The security week that was: 08/12/11 (The next gen)

A weekly surveillance of the news shaping your profession


Who is the next generation?

An industry is only as good as its people. We're fortunate in this industry to have fantastic, intelligent people around us, but what is our pipeline of new minds? If you ask Hord Tipton, the executive director of (ISC)2, an information security professionals organization, there is a problem on the horizon.

I caught up with Hord and Ray O'Hara (2011 ASIS International president) earlier this week to talk about the joint ASIS/(ISC)2 efforts and the fact that (ISC)2 is collocating its annual security congress with this year's ASIS show in Orlando (see my article on this great upcoming show....and book your flights now!).

On the subject of the pipeline of new employees, Hord said that the IT security industry is being challenged with drawing enough talented and skilled persons to keep up with job demands.

"The problem has been that our youth are moving away from science and math areas [in college], and in our field, that is kind of a basic requirement. They seem to be moving more toward the liberal arts disciplines."

Fortunately, he said, some of those students are realizing that the jobs are in science and math fields. "What we are experiencing across the world is that more and more people are converting [back to sciences after college] because the jobs in those [liberal arts] areas are really hurting. We have the fortunate situation of having a zero percent unemployment rate in information security."

But with strong growth in that sector, the pipeline might not be able to keep up. Ray O'Hara said that he is seeing a similar change in the physical security industry. His organization now has a young professionals program (Tweet with them -- they are @ASIS_YP), and is working to draw talent directly from colleges and graduate schools, rather than from the ranks of retiring law enforcement pros. "We have a strong emphasis on the young professionals and the women in security," said Ray. "We're trying to attract that first career person, and we're trying to showcase some things that can attract them into this industry."

For your summer reading list
"The Unthinkable" by Amanda Ripley

I first heard of this book based on the recommendation of two of the Security Executive Council's key persons: Executive Director Bob Hayes and emeritus faculty member and former Starbucks CSO Francis D'Addario. Now I have to pass the recommendation on to you. The book is "The Unthinkable: Who Survives When Disaster Strikes -- And Why", and it's written by Amanda Ripley, one of Time Magazine's chief correspondents, and the one who tackled such heavyweight stories for the magazine as Hurricane Katrina and the World Trade Center attacks.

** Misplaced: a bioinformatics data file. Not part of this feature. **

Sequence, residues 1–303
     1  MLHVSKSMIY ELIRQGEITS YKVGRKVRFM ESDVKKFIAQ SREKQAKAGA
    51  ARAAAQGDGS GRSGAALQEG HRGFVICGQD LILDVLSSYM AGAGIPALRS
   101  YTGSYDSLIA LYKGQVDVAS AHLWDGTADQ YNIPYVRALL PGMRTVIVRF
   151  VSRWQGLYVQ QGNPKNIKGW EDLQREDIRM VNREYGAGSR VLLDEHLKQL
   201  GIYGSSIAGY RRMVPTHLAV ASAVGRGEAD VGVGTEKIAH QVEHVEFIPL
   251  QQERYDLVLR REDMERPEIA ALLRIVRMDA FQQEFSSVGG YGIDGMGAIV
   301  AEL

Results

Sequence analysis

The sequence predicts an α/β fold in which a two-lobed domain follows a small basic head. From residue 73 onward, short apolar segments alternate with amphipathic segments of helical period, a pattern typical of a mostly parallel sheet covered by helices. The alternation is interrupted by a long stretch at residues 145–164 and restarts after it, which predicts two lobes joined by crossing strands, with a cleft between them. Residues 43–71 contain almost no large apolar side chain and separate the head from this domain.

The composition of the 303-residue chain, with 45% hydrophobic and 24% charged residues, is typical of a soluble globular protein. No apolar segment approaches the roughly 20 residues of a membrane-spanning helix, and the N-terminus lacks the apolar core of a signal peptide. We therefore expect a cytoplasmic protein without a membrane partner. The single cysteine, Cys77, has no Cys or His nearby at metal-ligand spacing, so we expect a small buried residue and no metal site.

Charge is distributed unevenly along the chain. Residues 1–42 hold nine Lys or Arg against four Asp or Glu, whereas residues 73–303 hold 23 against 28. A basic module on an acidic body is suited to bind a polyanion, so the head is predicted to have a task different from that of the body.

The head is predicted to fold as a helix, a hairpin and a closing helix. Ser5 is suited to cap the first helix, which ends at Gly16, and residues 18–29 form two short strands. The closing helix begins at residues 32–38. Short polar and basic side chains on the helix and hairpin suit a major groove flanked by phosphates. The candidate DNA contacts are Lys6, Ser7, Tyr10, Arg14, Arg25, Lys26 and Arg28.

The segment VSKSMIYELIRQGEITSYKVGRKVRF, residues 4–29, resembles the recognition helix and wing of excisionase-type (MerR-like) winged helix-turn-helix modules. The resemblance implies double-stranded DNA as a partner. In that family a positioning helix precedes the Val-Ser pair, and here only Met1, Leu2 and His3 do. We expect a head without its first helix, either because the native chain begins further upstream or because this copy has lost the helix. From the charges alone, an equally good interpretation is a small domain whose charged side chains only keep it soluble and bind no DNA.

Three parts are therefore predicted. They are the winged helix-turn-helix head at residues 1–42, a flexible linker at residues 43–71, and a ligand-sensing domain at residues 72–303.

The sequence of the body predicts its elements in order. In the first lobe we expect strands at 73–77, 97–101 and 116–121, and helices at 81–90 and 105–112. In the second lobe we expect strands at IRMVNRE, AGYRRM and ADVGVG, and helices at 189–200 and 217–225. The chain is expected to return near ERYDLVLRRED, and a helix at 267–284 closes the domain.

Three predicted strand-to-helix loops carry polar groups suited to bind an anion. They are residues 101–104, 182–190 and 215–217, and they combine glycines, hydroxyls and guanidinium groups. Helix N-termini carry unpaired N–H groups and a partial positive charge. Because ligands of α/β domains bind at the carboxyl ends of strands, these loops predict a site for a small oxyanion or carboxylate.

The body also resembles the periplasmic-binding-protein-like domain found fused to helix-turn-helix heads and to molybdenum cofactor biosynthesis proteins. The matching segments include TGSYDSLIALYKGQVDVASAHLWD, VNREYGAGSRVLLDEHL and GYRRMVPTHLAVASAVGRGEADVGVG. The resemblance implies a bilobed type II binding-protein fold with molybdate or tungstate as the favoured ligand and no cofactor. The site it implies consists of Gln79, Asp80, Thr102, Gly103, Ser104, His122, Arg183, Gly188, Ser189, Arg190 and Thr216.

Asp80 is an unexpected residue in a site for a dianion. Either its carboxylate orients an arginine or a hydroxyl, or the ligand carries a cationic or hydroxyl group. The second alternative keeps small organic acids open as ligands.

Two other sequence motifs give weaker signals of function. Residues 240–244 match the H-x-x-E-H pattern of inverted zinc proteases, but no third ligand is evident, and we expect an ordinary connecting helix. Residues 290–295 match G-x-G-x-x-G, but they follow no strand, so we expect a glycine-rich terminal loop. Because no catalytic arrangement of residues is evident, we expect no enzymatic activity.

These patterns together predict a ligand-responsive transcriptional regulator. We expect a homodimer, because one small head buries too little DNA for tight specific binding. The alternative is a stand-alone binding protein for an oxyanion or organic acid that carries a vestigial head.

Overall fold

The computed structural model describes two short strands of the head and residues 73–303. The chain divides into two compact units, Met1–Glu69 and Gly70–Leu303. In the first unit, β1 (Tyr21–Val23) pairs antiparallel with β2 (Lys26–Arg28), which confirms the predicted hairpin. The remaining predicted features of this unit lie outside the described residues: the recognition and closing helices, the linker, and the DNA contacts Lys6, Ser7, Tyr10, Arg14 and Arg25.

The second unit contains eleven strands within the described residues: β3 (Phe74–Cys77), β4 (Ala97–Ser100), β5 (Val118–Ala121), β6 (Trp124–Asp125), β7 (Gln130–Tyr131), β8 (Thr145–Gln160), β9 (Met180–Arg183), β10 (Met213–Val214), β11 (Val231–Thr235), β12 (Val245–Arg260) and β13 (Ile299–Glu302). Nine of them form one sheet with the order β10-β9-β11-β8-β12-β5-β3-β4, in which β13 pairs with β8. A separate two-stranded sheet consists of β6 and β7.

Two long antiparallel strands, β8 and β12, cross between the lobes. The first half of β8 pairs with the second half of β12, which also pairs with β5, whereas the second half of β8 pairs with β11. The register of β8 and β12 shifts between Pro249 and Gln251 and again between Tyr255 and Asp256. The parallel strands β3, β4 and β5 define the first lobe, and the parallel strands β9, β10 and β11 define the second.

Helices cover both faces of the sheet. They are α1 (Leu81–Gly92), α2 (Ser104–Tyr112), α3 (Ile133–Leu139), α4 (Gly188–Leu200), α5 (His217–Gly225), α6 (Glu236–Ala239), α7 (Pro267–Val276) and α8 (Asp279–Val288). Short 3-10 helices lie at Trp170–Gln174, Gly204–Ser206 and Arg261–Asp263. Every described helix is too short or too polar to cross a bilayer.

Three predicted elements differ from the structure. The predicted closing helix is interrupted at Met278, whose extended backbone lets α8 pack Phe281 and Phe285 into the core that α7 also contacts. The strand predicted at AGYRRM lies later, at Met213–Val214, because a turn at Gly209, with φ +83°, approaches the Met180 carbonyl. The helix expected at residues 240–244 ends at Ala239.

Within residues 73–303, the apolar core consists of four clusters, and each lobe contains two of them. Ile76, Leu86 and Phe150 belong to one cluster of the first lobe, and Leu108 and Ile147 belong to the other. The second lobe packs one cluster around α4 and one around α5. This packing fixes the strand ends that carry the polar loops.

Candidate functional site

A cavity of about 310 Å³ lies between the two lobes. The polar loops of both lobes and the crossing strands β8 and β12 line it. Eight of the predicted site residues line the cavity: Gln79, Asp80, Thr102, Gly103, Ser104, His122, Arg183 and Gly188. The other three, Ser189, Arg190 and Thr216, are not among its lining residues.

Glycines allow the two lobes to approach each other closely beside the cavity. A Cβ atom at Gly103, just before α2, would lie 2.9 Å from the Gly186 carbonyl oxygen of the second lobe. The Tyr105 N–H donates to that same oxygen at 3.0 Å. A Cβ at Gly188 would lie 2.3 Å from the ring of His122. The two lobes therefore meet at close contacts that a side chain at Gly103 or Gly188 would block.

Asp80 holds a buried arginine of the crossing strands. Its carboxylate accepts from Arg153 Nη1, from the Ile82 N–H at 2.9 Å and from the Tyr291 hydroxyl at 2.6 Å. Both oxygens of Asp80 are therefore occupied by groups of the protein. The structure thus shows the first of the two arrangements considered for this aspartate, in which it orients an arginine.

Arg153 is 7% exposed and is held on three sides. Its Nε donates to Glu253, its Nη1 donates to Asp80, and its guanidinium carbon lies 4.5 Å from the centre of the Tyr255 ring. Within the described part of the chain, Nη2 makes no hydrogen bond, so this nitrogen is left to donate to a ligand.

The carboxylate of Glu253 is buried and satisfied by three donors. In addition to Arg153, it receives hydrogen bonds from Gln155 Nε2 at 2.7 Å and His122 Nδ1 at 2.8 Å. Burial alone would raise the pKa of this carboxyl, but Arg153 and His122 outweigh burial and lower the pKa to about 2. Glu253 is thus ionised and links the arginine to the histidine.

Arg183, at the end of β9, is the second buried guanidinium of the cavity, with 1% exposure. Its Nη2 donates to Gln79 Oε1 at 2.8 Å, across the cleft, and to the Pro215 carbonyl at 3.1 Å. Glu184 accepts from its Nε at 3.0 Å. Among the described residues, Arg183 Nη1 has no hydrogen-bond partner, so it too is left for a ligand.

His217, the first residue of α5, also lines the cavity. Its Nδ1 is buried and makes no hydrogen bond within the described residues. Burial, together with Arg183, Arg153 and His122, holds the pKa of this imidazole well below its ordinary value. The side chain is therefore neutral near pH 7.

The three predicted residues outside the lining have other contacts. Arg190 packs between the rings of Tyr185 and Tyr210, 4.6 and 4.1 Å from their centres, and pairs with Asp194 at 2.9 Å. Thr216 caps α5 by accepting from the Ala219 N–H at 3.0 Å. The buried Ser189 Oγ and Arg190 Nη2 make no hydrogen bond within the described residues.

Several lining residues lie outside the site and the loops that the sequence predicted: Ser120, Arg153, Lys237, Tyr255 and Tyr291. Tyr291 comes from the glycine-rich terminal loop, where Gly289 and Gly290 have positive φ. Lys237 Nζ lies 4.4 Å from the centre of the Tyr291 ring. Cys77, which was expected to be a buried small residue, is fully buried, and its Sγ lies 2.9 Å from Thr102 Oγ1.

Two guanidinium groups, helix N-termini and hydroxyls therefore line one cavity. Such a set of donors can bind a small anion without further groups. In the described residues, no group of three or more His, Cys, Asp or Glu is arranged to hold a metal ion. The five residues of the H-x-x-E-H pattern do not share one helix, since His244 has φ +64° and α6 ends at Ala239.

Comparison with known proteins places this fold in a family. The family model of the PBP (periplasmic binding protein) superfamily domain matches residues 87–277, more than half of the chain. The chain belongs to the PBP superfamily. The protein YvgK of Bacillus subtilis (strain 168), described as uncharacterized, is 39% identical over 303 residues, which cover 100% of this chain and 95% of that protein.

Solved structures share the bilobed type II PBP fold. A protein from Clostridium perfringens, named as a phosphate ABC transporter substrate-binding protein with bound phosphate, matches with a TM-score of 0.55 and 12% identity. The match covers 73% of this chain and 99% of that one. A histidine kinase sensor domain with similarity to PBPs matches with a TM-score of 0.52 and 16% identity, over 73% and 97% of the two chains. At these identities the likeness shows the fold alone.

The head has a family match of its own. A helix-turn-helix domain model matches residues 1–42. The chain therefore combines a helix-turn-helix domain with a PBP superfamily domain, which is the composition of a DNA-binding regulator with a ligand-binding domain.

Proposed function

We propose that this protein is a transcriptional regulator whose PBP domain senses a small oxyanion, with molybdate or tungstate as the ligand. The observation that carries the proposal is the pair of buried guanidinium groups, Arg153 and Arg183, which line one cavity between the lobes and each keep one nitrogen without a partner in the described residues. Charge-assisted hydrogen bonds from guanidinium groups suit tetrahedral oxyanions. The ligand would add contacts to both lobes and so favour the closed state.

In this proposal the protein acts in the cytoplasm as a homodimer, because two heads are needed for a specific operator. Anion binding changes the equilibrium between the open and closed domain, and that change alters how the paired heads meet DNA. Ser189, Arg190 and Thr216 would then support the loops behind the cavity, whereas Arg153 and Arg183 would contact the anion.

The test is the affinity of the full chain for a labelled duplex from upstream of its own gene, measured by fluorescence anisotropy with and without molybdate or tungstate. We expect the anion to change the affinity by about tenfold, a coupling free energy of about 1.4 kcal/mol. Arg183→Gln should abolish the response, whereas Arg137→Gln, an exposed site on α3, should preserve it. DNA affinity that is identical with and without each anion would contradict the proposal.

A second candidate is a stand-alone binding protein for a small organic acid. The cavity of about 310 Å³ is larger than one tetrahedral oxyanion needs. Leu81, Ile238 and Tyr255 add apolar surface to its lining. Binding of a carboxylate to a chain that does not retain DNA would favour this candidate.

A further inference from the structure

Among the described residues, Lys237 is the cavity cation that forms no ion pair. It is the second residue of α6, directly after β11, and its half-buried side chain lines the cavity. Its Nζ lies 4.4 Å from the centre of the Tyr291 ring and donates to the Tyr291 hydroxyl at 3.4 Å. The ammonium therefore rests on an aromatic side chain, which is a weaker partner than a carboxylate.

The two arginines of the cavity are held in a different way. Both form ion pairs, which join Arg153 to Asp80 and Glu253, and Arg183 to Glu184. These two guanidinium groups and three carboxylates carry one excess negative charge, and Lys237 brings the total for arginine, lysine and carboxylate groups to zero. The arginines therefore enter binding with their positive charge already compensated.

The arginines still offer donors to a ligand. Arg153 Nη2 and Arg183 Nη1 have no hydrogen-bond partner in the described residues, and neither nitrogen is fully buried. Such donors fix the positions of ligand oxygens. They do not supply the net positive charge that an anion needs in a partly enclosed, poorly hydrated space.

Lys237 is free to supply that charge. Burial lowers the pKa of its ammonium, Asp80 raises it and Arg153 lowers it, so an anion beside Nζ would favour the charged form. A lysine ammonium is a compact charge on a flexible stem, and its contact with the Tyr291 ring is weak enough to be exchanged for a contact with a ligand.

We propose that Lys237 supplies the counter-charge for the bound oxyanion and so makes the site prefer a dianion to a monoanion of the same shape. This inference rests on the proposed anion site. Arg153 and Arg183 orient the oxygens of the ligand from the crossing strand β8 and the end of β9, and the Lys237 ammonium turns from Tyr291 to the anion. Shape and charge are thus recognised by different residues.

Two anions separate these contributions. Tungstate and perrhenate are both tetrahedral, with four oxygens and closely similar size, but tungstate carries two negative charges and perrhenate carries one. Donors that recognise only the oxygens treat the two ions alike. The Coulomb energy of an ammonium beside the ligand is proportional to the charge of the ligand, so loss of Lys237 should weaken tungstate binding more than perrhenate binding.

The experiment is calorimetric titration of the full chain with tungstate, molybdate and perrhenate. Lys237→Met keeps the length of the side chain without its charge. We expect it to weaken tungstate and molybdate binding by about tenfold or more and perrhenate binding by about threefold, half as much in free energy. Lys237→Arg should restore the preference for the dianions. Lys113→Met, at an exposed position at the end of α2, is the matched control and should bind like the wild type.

I had a chance to meet Amanda a week ago at the NCS4 conference where she was delivering a luncheon keynote, and I bought a copy of her book and have since made it my nightly reading ritual. Simply put, it is should be required reading material for anyone in the security industry. "The Unthinkable" has two things going for it: 1) It's incredibly well written, taking thick-as-soup material on the human brain, psychological group think and building escape plans, and she magically distills it into a very approachable subject. 2) It's smart, smart, smart. The research Amanda did is indefatigable -- from the earliest disaster studies, to how some island cultures respond to tsunamis and even to how chimps act when they're about to be attacked. And, yes, it's all relevant. OK, enough about the book. Put it on your reading list, and if you liked it, tap me on the shoulder at ASIS and tell me so. For those of you that spend more time behind the wheel of your car than have time to grab a comfy chair, I will say that it has already been released in an unabridged audiobook format. Enjoy!

(Francis and Bob also recommended the book "Illicit: How smugglers, traffickers, and copycats are hijacking the global economy." With luck, I'll get you a review of that one next; it was written by Moises Naim, the editor of Foreign Policy magazine.)

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